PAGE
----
Oil Prices: Tracking Commercial Inventory Trends Rather Than SPR Trends
Author: Brynne Kelly 9/18/ 2022
Special Note: US SPR inventory balances have come under scrutiny lately as historic, record draws are set to come to an end in November of this year. This has been headline-making, more-so with President Biden announcing his intention to purchase oil at $80. We will address that in the context of this analysis which attempts to handicap what exactly is driving prices currently versus what could be driving them in the near future. We refer you to last week's Crude Oil SPR Inventory Levels at Historical Lows: Does it Even Matter? for more details.
Given the news items, the data, and the potential risks handicapping what is currently driving price action now will be helpful in knowing what may drive it in the near future. There are three likely candidates driving oil markets currently and in the near future:
SPR total draws - which are expected to become builds
Commercial Inventory levels now - and going forward
Product Inventories now- and how weather related demand will affect them
Background: What Do We Actually Know
We know that since January 2020, total US crude oil inventory levels are down by 202.33 million barrels. Of that decline, 200.87 million can be attributed to the SPR (see #2 below). During that same time period however, US commercial crude oil inventories are largely unchanged, showing a mere 1.46 million barrel draw (#4 below). We use January 2020 as the start date as it coincides with the Pandemic when things went off the rails.
Commercial Crude Oil Inventories are largely unchanged from pandemic beginning due to SPR drawdowns...
Calendar-to-date changes for just 2022 are shown in the first data column of the table above, specifically #1 and #3 items for comparison. It paints the same picture: Massive draws from the SPR while commercial inventories remain stable.
Candidates One and Two: SPR and Commercial Inventories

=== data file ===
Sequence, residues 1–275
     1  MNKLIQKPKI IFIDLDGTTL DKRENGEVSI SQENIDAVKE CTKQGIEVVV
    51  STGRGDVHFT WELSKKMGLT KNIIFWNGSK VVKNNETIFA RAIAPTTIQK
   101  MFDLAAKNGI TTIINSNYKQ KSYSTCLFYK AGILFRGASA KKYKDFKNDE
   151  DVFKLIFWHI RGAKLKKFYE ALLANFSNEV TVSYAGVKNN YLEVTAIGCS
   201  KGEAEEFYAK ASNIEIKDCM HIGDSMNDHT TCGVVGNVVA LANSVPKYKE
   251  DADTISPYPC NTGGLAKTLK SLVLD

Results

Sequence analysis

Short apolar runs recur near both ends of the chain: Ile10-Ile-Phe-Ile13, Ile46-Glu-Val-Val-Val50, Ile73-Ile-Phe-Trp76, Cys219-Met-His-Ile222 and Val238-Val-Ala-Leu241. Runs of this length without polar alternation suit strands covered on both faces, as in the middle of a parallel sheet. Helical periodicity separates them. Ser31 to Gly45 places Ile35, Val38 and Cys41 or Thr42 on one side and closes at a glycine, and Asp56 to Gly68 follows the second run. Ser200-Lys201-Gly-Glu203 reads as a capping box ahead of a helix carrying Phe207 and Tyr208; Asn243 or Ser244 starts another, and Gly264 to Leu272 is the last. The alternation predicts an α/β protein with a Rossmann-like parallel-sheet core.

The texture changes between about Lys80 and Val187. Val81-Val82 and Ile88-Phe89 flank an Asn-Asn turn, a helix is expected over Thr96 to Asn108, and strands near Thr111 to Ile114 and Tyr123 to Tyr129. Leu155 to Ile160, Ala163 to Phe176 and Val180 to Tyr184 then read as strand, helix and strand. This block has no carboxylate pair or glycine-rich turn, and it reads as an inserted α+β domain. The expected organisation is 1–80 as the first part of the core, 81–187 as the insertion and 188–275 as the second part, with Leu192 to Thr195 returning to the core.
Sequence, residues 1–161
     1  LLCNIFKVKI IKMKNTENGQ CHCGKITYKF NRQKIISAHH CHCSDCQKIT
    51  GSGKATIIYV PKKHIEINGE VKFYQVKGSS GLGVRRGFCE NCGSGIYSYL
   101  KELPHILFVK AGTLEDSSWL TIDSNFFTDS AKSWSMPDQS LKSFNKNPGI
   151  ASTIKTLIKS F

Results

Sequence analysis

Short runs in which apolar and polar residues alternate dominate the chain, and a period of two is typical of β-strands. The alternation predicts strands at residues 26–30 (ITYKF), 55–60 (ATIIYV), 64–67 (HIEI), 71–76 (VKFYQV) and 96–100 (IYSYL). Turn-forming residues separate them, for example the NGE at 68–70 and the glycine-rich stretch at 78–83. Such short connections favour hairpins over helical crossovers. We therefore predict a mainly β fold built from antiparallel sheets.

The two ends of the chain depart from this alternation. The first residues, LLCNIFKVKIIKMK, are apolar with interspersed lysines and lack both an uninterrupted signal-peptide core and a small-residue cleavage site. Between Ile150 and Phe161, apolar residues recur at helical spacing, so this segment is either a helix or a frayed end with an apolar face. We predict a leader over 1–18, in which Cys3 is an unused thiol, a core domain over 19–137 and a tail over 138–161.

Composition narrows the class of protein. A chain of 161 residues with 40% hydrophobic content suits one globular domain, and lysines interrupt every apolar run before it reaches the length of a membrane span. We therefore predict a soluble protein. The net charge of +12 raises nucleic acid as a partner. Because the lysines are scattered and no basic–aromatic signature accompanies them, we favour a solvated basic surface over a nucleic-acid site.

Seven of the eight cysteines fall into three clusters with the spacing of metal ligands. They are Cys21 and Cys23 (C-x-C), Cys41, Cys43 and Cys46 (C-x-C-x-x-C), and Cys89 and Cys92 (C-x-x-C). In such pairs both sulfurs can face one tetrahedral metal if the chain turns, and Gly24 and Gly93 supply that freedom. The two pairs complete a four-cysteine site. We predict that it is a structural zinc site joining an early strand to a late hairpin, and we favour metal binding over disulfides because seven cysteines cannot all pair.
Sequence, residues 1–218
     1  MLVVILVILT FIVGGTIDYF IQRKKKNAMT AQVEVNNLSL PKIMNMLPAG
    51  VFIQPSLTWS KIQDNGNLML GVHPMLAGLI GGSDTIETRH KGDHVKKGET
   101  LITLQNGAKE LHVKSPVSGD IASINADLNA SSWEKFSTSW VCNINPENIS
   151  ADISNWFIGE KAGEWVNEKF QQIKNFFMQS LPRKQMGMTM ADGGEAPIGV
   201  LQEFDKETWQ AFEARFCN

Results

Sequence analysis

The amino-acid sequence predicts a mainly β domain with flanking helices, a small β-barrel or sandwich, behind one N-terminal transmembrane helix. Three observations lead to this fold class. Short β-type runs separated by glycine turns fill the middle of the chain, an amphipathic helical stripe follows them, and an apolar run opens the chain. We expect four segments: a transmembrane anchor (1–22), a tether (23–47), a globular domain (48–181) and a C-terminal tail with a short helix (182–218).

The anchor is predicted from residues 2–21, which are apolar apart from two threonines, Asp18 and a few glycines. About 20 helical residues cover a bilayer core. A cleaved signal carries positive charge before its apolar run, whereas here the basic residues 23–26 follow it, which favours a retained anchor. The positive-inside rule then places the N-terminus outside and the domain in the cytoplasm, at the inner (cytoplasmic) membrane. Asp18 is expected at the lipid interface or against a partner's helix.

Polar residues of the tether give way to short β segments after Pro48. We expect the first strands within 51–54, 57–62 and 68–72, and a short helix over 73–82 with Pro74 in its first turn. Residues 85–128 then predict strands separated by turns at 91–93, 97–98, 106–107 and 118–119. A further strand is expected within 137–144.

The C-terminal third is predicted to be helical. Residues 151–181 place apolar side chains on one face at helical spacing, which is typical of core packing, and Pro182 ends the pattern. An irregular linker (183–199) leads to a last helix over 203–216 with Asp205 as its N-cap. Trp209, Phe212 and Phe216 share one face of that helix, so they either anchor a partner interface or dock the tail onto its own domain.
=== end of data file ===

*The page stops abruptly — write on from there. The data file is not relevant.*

The first two candidates are depicted below (black line vs green line). Nothing new, SPR inventories are on an epic decline while commercial inventories remain fairly flat. What is obvious is that the SPR is keeping the Commercial Inventories afloat. What's less obvious is that despite some anxiety that the SPR needs to be refilled, oil prices are lower now than they have been for months. SPR inventory has continued to decline along with futures prices.
This tells us that while SPR draws have put pressure on prices recently, the need for the SPR to be replenished is not front and center in the market's mind as expressed in price, at least not yet. The chatter is about the need to refill, but the price action is not focused on that yet. Given that prices are not currently concerned about what seems to be a mammoth refilling of SPR oil, what then are they focused on? Price action up until now seems to be more interested in the stability of the Commercial inventories, not the coming SPR refill.
Therefore, choosing between these two candidates (SPR and Commercial inventories) the market has cared less about the need to restock the SPR than many fear. Therefore, absent a material news item about the SPR, the markets activity should continue to be more dependent on the trajectory of commercial crude oil inventories. Independent of the SPR needing or not needing to be refilled, the slope of the Commercial inventories matters.
Weekly changes in US commercial crude oil inventory levels have been muted by draws from the SPR. We now need to see how they stand on their own merit, without the SPR crutch going forward.
Said another way, the SPR is today's news and will only become relevant when commercial inventories feel the pain. Rightly or wrongly, the market does not (yet) care about the need to refill the SPR. It is focused on the actual inventory. SPR inventory levels can rise and fall without notice in commercial levels. It only becomes a current problem when it is felt at the commercial level.
That said, if the market all of a sudden starts getting spooked about the SPR schedule, then we will see some pops in price. But until that happens: All eyes are on the 'green line' above.